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Police surround Captain Cook statue as they move on banned protesters

Published: (Updated: ) in Australian News by .

Police have surrounded a statue of Captain James Cook in a Sydney park as they continue to disperse protesters who gathered for a Black Lives Matter rally.

Police have surrounded a statue of Captain James Cook in a Sydney park as they continue to disperse protesters who gathered for a Black Lives Matter rally.

A few hundred protesters tuned up to the event to protest Aboriginal deaths in custody tonight, which was cancelled after authorities refused permission amid coronavirus rules on mass gatherings.

READ MORE: New Zealand removes namesake statue

Assistant Commissioner Mick Willing said police were "disappointed" a group of 300 people had chosen to ignore public health warnings.

He said the crowd had been "quickly dispersed" into Central Station, after which they left the area.

A 24-year-old woman was arrested and issued with an infringement notice for breaching COVID-19 guidelines.

Mr Willing denied reports circulating on social media that police had used a "sound weapon" on crowds, saying it was an ordinary loud hailer used to issue a warning to the crowd.

He warned prospective protesters that police would be equally ready to respond to "unauthorised" public gatherings tomorrow.

Officers outnumbered protesters as the group moved from Town Hall to Hyde Park.

Protesters chanted "Black lives matter" and "Not enough justice, too many coppers" while marching through the park.

Police wearing face masks were trying to persuade people to leave via the train stations at Museum and St James.

A crowd at Town Hall later broke up when police issued a final warning.

Today, Prime Minister Scott Morrison and Chief Medical Officer Brendan Murphy told people not to attend the event, or any over the weekend amid coronavirus concerns.

"The medical advice is that this is an unsafe thing to do. It puts not only your own health at risk, but it puts other people's lives at risk," Mr Morrison said.

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Professor Murphy echoed the prime minister's statements.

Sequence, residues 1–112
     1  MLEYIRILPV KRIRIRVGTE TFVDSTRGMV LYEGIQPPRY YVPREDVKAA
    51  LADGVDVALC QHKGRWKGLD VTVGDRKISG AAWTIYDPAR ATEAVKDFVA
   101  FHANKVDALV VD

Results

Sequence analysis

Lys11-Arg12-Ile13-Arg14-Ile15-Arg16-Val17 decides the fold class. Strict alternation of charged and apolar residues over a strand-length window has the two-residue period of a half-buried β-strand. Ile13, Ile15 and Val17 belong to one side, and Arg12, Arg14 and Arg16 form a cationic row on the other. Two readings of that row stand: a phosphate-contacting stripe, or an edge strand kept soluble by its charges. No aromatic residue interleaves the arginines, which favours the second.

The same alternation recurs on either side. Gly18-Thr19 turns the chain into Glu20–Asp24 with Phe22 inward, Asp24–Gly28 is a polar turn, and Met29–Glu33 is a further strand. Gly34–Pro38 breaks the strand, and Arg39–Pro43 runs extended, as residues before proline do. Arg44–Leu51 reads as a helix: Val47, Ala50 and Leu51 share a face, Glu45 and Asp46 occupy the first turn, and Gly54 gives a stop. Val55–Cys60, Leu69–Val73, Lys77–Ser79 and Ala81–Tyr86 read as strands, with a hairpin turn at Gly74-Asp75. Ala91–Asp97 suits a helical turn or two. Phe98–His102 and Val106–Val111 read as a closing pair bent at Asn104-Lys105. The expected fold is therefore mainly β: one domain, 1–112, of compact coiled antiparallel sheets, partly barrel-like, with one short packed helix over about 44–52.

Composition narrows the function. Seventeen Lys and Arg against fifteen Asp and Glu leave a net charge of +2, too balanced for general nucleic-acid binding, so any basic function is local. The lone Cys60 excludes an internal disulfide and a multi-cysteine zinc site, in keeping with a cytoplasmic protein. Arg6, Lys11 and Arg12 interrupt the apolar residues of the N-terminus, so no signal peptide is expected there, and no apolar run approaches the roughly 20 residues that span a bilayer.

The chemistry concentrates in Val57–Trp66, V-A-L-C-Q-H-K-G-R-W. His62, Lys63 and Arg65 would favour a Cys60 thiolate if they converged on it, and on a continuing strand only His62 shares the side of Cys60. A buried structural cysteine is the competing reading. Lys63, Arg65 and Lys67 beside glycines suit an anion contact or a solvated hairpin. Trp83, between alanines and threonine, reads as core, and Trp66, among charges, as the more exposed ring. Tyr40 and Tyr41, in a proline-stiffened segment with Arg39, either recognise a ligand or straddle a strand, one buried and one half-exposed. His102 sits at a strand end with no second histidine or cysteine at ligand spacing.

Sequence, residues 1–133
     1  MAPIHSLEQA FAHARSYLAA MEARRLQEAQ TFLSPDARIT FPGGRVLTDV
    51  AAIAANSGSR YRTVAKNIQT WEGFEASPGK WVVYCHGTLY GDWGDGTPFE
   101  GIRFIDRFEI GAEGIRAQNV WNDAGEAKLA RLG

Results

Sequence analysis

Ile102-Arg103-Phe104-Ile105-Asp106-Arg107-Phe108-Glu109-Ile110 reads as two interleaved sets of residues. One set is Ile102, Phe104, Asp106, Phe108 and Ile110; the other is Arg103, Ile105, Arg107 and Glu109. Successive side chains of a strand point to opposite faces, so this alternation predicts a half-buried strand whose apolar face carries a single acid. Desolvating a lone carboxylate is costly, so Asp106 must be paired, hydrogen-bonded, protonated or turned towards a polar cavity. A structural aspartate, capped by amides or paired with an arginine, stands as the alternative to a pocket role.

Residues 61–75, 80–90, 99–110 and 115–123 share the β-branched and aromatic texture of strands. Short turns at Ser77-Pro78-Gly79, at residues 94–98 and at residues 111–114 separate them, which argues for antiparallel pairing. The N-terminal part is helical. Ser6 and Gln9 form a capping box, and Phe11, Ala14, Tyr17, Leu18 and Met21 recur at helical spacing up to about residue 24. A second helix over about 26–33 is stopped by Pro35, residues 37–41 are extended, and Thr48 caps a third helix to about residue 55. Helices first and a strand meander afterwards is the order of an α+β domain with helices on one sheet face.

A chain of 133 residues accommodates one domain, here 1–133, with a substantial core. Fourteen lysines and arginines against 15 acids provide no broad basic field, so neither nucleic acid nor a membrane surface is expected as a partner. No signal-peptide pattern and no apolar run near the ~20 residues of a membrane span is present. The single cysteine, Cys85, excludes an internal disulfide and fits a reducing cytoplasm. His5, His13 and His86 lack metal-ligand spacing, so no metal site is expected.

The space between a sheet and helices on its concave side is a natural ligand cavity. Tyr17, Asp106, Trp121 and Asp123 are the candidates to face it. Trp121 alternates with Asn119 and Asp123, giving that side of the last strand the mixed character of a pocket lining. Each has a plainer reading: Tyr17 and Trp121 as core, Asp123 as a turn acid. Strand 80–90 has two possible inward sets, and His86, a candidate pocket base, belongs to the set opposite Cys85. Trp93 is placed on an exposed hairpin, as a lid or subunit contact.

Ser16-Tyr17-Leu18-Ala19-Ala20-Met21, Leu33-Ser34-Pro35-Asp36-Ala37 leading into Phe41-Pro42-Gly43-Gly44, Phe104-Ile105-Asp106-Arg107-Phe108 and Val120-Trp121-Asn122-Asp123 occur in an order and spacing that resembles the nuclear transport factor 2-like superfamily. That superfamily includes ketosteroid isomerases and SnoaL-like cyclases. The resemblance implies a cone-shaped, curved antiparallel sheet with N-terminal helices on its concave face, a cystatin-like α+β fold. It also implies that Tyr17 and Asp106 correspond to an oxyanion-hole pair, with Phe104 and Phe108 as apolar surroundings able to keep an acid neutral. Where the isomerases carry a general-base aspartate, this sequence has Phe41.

"I absolutely agree with the Prime Minister that those sort of events where you have a large number of people who don't know each other and who we can't contact-trace easily or track are one of the highest-risk events."

Last night the NSW Supreme Court ruled against a separate rally organised for Saturday by the Refugee Action Coalition (RAC).

Premier Gladys Berejiklian on Friday also asked people not to put the police in a difficult position.

"Please respect the health orders, please respect the verdict of the Supreme Court," she told 2GB radio.

"These protests aren't legal, they're a public health risk. Please don't risk your own safety and don't risk getting a fine by being out there tonight or tomorrow.

"We just hope everything is resolved peacefully."

NSW Police top brass have warned protest attendees can be moved on, potentially arrested or fined $1000.

Meanwhile, the state's two-week streak of no new locally-acquired COVID-19 appears over after Rose Bay Public School was closed on Friday while NSW Health investigated a possible case in a staff member.

NSW Police top brass have warned attendees can be moved on, potentially arrested or fined $1000.

Mr Morrison on Friday announced that under step three of Australia's COVID plan, small sporting stadiums would be able to seat 10,000 spectators or 25 per cent of the venue's capacity.

Individual states and territories will decide when to implement that change.

"(But) national cabinet reiterated that high-risk outdoor events without ticketed seating ... do not form part of step three," the prime minister said in a statement.

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NSW Health says there have been 3115 cases to date. No one is currently in intensive care.

NSW Education Minister Sarah Mitchell announced on Friday that school sports could resume from the start of Term 3 in late July.

It follows the announcement that community sport for both adults and children will recommence in NSW from July 1, with the state government on Friday committing $27 million to aid its resumption.

Up to 12,500 local sporting clubs will receive payments of up to $1000 while payments will also be made to 95 state sporting organisations.

Source: 9News

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